In writer-director Ladj Ly’s Les Misérables, cop Stéphane (Damien Bonnard) has just moved to Paris. He’s joined a tough unit – an anti-crime squad, patrolling the impoverished Paris suburbs of Montfermeil*, where many residents live in crowded high-rise apartments. His immediate superior, Chris (Alexis Manenti), is a piece of work. He starts by giving Stéphane a disrespectful nickname. From there, it becomes clear Chris enjoys throwing his weight around.
To say Stéphane’s first day on the job is an eye-opener is an understatement. Several distinct groups each have their own way of doing things. The district’s players include a power-hungry character known as The Mayor (Steve Tientcheu) and his underlings; an influential Imam, Salah (Almamy Kanouté); a former thug reborn and his supporters; and gypsies who have no love for The Mayor and his boys. Another shady group is in cahoots with the nasty cop.
But arguably the most important cohort are teenagers known as The Bugs, who roam the streets making them their own. Among them is Issa (Issa Perica), who’s constantly testing his father’s patience by getting into trouble. Keeping his distance is a shy kid, Buzz (Al-Hassan Ly). He has a drone via which he records the activity in other high-rise units, Peeping Tom style.
The story takes off when the gypsies – who operate an animal circus – accuse The Mayor’s boys of stealing something most valuable to them. The cops intervene to ensure bloodshed is narrowly averted. But the situation quickly escalates out of control.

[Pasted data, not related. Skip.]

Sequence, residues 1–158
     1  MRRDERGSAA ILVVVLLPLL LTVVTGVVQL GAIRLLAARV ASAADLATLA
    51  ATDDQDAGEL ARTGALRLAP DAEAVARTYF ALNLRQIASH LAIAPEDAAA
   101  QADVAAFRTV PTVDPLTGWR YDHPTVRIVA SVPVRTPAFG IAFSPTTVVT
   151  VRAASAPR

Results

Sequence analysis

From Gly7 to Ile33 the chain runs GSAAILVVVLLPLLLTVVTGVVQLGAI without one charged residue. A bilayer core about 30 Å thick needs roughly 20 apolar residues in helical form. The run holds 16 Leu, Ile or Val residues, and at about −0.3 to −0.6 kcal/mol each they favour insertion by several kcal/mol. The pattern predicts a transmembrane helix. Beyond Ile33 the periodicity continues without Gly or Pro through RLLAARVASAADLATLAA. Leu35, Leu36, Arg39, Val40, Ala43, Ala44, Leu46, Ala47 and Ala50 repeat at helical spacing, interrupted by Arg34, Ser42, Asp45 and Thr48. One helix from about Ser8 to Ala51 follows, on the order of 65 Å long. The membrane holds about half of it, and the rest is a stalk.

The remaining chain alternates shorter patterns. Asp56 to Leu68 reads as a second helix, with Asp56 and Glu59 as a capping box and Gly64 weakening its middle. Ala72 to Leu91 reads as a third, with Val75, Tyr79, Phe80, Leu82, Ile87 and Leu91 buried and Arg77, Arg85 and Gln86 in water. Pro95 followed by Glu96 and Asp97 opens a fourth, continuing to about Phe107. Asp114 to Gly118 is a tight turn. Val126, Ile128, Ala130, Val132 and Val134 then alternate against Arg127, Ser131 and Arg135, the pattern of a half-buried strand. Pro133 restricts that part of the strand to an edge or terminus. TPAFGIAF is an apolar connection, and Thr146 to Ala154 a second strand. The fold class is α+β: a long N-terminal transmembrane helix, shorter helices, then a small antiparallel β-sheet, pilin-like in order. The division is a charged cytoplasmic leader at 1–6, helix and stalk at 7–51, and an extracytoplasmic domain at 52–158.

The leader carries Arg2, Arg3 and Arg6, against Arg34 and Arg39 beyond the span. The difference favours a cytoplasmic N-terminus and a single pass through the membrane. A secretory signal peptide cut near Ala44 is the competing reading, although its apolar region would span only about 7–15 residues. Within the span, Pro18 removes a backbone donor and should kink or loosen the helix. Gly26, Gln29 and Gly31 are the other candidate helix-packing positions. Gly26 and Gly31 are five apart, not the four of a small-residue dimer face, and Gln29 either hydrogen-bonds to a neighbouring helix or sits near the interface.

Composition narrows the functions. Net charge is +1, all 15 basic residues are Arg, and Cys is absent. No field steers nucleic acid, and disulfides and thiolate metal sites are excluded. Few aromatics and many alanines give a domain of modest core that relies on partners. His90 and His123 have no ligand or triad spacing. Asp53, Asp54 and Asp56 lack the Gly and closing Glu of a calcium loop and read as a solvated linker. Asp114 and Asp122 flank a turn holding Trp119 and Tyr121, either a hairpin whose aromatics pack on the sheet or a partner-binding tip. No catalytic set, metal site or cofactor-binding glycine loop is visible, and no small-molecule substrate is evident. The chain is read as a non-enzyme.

Les Misérables is a film of gritty realism. It’s hardly pretty – far from it. Shady characters and corruption are rife. So is yearning for a better life.
Inspired by the 2005 Paris riots, this is the work of first-time feature film co-writer and director Ly, who maintains everything is based upon reality. It takes a while for the action to heat up – the best part of half the movie. But when it does, it explodes and just where it will end up remains an unknown. The ending is incendiary and that second half had me on the edge of my seat.
Manenti is suitably repulsive as the bad cop. Bonnard, in turn, comes across as appropriately frustrated as Stéphane, the squad newbie. I also appreciated the calm demeanour – in the face of provocation – of Almamy Kanouté as the Imam. The two key youngsters were compelling in their respective roles, one as a cocky live wire who turns through happenstance and the other as a bookish nerd.
I was shocked; and that element of surprise is the film’s greatest asset, as the first act dragged. In summary then, if slice of life drama is what you are after, Les Misérables ends up delivering.
* Montfermeil is where Victor Hugo set part of his classic novel Les Misérables.
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Alex First is a Melbourne based journalist and communications specialist. He contributes to The Blurb on film and theatre.